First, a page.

I got to the other side and realized the wind was doable but the wave were still pounding on the nose, at least I could bring the speed up little again. I looked back and saw Chris also coming across, nobody behind him in sight. At that point I had a good lead and felt confident and strong. If I would keep pushing it would be very hard to gain ground on me again. What worried me little was that I was doing only 6 to 7 km an hour against the wind and waves. I started calculating how many hours this lake could take me. It would be close to cut off. I was also starting to wonder how many paddlers would make this lake. This was crazy. I just took one little landmark at a time. Looking down the lake was frustrating, you couldn’t see the end of the lake, it was behind the horizon!
Slowly but shortly I worked my way up the lake. The first people who did the two-day event as I passed them, were barely moving, I talked to them sharing a few motivational words and on I went. By now I was 10 hours on the water, the muscles felt sore but I was doing better and better. In the clinic I have just a day two days earlier I talked a lot about preparation, specially mental preparation. It is hard to understand how much the mental part of any ultra-distance race is, specially one with challenging conditions.
The Finish Line
Little by little the lake calmed down, the further we got to the end of the lake. The last 10 km where ‘enjoyable’ with good speeds and no more chop. I was starting to smell the finish line. Chris Parker’s drone met me when I got at the end of the lake, it felt like I already made the finish. The hardest part was over. One more portage and 8km on a calm canal felt like I was almost there. Dagmar gave me one more pack with liquids and it was a ‘breeze’ to the finish. After 12 hours and 18 minutes, I passed in 1st place.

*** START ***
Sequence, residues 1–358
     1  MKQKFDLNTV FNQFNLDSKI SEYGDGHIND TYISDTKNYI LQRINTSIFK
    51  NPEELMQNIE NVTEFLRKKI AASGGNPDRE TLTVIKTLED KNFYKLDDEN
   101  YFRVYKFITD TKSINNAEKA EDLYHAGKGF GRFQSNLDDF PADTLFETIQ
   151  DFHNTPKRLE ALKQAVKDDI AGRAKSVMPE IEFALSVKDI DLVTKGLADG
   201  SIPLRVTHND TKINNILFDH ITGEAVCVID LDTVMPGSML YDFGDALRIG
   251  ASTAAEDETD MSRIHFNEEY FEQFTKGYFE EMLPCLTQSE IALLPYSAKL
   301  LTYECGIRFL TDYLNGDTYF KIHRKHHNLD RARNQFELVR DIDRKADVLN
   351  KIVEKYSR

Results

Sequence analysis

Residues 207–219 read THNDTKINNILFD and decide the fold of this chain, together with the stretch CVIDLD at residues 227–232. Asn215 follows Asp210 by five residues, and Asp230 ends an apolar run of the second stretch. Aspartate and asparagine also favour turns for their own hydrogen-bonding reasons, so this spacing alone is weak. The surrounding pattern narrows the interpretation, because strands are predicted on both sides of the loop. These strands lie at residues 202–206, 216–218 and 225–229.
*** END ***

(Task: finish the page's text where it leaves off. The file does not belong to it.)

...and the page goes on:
Only two other stand up paddlers and three surfski and kayakers finished the non-stop Great Glen today. The three ultras in three weekends were all upwind struggles. All throwing exceptionally rare conditions but I felt very satisfied to have conquered them all.
Great respect for anyone who made it passed Loch Ness, both two-day and non-stop paddlers. And special mention to Emma Reijmerink who was the only women who made the non-stop course, after fighting it for almost 16 hrs, great respect!”
To find out more about the UK Paddle Endurance Series, visit www.ukpaddleenduranceseries.com